Alessandro Michele Leaves Gucci After 7 Years As Creative Director
Here’s everything to know.
On the heels of Raf Simons shuttering his iconic namesake label, Gucci dropped a major piece of news of their own. As reported by The New York Times, the house announced that its Creative Director Alessandro Michele is leaving Gucci. For those who have followed the famed designer’s ascent at the Italian maison — he started as their accessories designer in 2002, then became creative director in 2015 — the departure will come with surprise and sadness. (Prior to him at the helm, Frida Giannini held that title from 2006 to 2014 and Tom Ford before her, from 1990 to 2004.)
Michele released a brief statement on the news, obtained by the Times, that said: “There are times when paths part ways because of the different perspectives each one of us may have. Today, an extraordinary journey ends for me, lasting more than 20 years, within a company to which I have tirelessly dedicated all my love and creative passion.”
Under Michele’s creative eye, Gucci was transformed from your typical luxury brand celebrating glamour and wealth to one that promoted eccentricity, gender fluidity, and a vintage-inspired aesthetic. You only need to look at Michele’s Fall/Winter 2018 collection, where models carried replicas of their own heads down the runway, or the recent Twinsburg presentation — where 68 pairs of identical twins walked down the catwalk — for a taste of the avante-garde.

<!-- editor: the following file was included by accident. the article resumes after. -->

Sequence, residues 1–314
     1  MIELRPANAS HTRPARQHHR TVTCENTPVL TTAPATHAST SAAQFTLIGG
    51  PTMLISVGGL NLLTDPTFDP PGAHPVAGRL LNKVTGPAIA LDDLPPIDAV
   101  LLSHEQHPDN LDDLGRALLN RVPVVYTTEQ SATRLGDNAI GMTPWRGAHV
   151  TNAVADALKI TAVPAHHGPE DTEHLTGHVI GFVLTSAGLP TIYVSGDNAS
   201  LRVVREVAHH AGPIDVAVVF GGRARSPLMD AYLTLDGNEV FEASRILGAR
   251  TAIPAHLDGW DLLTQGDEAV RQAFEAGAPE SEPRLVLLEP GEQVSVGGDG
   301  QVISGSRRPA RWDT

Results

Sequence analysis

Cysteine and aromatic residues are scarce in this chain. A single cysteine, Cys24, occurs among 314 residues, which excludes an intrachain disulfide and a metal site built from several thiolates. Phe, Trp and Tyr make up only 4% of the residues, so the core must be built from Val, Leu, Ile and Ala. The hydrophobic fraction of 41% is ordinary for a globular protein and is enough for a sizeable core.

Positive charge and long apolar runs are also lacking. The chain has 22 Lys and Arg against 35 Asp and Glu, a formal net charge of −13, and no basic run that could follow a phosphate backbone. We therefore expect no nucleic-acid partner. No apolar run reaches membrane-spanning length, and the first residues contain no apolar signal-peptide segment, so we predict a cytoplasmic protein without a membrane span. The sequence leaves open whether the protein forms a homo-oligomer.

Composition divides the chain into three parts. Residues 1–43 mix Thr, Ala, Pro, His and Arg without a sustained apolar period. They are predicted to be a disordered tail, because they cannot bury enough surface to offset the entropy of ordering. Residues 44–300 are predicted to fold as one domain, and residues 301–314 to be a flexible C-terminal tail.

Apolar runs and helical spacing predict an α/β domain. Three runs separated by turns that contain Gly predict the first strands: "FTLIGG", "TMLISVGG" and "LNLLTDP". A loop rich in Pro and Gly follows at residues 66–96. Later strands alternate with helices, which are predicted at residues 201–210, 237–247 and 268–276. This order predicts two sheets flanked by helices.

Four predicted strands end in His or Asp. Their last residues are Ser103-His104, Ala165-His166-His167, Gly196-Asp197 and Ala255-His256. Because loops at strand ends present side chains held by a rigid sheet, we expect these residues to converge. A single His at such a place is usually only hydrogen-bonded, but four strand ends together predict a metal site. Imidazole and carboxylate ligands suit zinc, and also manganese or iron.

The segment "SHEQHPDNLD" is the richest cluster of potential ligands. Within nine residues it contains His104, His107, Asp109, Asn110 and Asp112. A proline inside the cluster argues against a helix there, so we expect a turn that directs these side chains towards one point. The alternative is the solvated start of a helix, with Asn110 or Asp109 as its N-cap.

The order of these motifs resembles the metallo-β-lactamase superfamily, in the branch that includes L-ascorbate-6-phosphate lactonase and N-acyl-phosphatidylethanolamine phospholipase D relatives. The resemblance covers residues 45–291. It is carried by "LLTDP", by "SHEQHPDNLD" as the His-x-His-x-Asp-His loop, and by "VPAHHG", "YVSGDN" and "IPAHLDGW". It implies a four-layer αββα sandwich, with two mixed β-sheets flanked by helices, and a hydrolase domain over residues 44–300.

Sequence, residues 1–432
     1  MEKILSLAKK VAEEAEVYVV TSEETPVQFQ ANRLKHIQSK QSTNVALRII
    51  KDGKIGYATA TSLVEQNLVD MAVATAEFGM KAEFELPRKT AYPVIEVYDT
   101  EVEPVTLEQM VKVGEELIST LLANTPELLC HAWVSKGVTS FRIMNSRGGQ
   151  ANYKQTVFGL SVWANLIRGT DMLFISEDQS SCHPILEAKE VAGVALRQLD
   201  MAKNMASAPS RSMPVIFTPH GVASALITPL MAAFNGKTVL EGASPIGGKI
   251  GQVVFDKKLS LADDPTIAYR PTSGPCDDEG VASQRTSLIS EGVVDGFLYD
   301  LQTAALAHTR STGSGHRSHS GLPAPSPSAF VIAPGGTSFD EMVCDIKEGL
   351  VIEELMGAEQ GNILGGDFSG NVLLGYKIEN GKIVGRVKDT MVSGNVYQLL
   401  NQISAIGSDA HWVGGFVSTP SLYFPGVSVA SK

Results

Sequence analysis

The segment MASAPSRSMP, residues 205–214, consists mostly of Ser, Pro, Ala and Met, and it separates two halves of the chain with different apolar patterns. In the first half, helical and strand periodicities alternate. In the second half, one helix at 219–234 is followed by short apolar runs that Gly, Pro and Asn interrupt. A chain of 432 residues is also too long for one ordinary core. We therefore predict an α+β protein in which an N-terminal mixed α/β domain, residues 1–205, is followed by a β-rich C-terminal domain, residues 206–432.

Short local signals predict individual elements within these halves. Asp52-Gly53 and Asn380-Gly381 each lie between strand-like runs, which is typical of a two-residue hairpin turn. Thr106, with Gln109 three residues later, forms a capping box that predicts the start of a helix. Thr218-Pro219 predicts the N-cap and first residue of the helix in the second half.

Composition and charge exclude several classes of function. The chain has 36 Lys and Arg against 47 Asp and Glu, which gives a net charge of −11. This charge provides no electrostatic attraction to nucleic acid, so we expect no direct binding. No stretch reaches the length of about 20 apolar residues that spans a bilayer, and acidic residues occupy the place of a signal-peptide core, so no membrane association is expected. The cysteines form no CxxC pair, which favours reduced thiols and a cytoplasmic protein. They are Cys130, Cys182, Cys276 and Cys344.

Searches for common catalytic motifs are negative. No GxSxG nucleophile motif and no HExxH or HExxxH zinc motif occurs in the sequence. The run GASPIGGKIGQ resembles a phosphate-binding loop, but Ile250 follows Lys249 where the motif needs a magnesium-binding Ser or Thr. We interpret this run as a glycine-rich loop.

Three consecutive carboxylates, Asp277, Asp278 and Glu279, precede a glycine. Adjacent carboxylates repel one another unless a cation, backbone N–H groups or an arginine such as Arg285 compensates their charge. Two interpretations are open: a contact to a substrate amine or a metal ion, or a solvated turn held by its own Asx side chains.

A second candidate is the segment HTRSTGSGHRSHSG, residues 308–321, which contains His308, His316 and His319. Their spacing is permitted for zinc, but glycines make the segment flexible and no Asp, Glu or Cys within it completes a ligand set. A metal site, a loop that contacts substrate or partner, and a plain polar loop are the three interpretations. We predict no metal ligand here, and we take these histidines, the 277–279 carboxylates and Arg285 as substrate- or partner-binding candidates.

On the topic of genderless fashion, Michele was known for incorporating both male and female models, who wore Gucci’s clothes interchangeably, on the runway. He continued to tap into that conversation via The MX Project, a unisex collection of apparel and accessories that launched in 2020. This inclusive world that Michele created was further emphasized when his creations popped up on celebrities like Jared Leto and Harry Styles, stars who don’t adhere to societal norms of how specific genders should dress. (Styles notably wore a Gucci jacket and dress in Vogue’s December 2020 issue.)
Given Michele’s interest in contributing to cultural conversations (he even brought Gucci into the fashion metaverse world) coupled with his unique designer perspectives, it’s no surprise he has garnered a legion of fans over the years. In addition to being backed by celebrities, Gen Zers, in particular, named Gucci as their favorite luxury brand, and the NYT reported that Gucci was “responsible for the bulk of [Kering’s] profits, earning almost 10 billion euros in revenue in 2021.” (The French luxury conglomerate also owns Saint Laurent and Balenciaga.)
Despite all the past successes, it appears that Gucci’s recent sluggish growth, plus creative differences between Michele and Kering ultimately contributed to his departure. In the interim, the Gucci design team will produce the next seasons’ collections until a successor is announced. And for fans wondering what’s next for Michele, the world is his oyster at this point, so we live in hope that he’ll still be in the design game.